However, as it has become clear that Toronto won't make the deal without Drabek, there have been indications that some Phillies officials are softening their stance and would be willing to part with Drabek.
Ultimately, the decision on whether to deal Drabek will be made by general manager Ruben Amaro Jr., but he would likely need the approval of club president David Montgomery if he decides to give up such a highly regarded prospect. Montgomery has had a hand in these matters before. Club sources say he frowned on the possibility of trading Ryan Howard when the slugger was tearing up the Eastern League in 2004. The decision to keep Howard has proven to be a good one.
The Phillies, however, are in a different place than they were in 2004. They are coming off a World Series title, and they believe they can win another this year and/or next, before their core talent gets too old and reaches free agency. Halladay, who is signed for next season at $15.75 million, would fit well into the Phillies' structure and give the team a shutdown arm to pair with Cole Hamels in the postseason.
Phillies officials have to weigh the merits of going for it now with a proven core and a proven pitcher like Halladay, or protecting their farm system and prospects.
Former Phils GM Pat Gillick, now an adviser to Amaro and Montgomery, favors going for it. He stated that in an interview with Toronto radio station 590 The Fan on Tuesday.
Gillick, who scouted Halladay's last start, a complete-game win over Boston on Sunday, said the Phils were in a "position to maybe go back-to-back."
"You don't get many chances to go to the dance," Gillick said. "You have to evaluate the position of your club and what kind of club you have and where the players are [in their careers].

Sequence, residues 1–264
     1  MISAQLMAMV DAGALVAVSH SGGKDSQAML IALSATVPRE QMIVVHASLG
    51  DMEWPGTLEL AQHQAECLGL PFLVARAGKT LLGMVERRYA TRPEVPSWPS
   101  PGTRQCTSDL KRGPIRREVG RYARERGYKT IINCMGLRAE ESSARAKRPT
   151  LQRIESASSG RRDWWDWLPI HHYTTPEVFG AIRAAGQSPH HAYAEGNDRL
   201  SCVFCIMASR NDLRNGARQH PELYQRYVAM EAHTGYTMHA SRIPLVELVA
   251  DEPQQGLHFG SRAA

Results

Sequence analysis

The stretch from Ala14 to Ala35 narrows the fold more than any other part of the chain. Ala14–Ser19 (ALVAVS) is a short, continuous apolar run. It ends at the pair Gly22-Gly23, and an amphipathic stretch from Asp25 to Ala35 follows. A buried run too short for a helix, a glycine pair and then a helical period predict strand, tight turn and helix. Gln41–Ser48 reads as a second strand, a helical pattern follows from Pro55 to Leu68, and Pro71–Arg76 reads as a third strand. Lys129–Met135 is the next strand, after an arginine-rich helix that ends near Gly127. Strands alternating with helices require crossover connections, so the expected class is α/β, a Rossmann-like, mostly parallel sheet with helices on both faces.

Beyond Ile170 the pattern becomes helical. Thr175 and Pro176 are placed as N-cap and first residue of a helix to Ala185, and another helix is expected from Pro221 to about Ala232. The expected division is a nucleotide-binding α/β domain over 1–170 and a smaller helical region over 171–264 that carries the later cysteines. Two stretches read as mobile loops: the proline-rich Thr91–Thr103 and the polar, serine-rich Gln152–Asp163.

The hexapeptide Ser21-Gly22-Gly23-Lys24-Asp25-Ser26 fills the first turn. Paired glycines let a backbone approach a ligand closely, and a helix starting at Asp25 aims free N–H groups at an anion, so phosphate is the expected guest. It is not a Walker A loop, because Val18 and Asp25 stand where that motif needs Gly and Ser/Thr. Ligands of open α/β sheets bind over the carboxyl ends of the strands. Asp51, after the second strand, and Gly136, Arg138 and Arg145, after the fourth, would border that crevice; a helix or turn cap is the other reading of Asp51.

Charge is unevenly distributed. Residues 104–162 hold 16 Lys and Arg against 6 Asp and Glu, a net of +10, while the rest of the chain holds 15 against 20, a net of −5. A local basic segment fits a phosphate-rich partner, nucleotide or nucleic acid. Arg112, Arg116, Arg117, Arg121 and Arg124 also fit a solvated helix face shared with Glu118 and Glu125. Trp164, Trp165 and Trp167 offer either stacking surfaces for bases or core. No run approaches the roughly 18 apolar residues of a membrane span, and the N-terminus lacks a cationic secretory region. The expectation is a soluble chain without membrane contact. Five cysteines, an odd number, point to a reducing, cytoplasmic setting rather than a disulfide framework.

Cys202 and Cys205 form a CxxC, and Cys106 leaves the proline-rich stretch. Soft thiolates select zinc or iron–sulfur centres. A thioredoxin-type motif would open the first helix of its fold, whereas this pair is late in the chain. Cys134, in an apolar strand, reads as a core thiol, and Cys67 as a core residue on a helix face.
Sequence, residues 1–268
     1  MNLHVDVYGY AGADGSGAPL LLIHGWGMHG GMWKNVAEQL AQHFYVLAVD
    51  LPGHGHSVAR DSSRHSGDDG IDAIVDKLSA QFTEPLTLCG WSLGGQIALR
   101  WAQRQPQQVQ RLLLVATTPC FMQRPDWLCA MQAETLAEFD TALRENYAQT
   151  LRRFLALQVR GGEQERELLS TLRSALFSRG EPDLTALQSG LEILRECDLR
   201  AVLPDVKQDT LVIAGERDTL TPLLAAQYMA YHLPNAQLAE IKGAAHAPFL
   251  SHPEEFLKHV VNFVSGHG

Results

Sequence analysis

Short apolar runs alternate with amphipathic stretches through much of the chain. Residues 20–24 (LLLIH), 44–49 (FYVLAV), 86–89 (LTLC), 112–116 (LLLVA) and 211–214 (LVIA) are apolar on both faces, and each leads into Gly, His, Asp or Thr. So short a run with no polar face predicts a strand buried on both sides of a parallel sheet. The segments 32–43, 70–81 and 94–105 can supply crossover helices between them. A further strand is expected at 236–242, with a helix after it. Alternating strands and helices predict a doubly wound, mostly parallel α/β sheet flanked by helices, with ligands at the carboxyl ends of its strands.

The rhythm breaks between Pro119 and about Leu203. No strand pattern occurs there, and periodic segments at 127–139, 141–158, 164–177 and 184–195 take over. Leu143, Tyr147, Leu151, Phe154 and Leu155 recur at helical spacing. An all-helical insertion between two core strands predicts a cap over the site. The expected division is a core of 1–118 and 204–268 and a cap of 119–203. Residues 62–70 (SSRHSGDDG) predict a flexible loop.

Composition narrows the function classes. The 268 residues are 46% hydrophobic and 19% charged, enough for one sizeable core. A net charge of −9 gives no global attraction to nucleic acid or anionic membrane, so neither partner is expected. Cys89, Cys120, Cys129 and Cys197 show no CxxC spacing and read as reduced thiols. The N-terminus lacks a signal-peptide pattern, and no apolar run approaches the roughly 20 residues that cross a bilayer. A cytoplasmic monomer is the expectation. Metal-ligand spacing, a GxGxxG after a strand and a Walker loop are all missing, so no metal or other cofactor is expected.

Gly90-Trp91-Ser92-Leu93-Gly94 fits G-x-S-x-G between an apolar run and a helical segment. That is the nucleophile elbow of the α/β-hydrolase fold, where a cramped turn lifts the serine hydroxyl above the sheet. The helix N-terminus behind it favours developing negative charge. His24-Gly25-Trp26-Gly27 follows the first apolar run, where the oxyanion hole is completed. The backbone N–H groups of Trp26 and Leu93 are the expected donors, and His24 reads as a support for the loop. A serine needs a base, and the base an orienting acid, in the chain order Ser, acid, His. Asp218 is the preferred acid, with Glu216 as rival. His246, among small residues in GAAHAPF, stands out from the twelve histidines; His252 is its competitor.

"If you have a chance to get there - I think you have a responsibility to the players and the fan base." Gillick said acquiring top talent in July sends a message to the players "that these guys want to win and will do everything they can to put us over the top."
Ricciardi believes Halladay can put a contender over the top.
"Someone is going to get the best pitcher in baseball," Ricciardi said. "Any team that gets him is definitely putting themselves at a distinct advantage. He is the best and rarest commodity. How many aces are there in baseball? And he's the best."
Halladay, who made his big-league debut in 1998 at age 21, is 142-69 in his career. He won the 2003 American League Cy Young Award and finished in the top five of voting three other times, including second last year.
Why are the Jays primed to deal him? Because he will be a free agent after next season.
"He'll probably test the free-agent market," Ricciardi said. "Why not see what we can get? If we don't get what we want, we'll hang on to him."
A week before the trade deadline, it seems likely that Halladay will go somewhere. The Dodgers, Cardinals, Brewers, Red Sox, Rays and Yankees have all expressed interest, in some form.
Rolen, the former Phillie, isn't sure if Halladay is staying or going.
But that hasn't stopped him and his teammates from ribbing the man they call Doc.
"We joke about it," Rolen said. "We say, 'See you, Doc.' If he gets traded, someone is getting a great pitcher."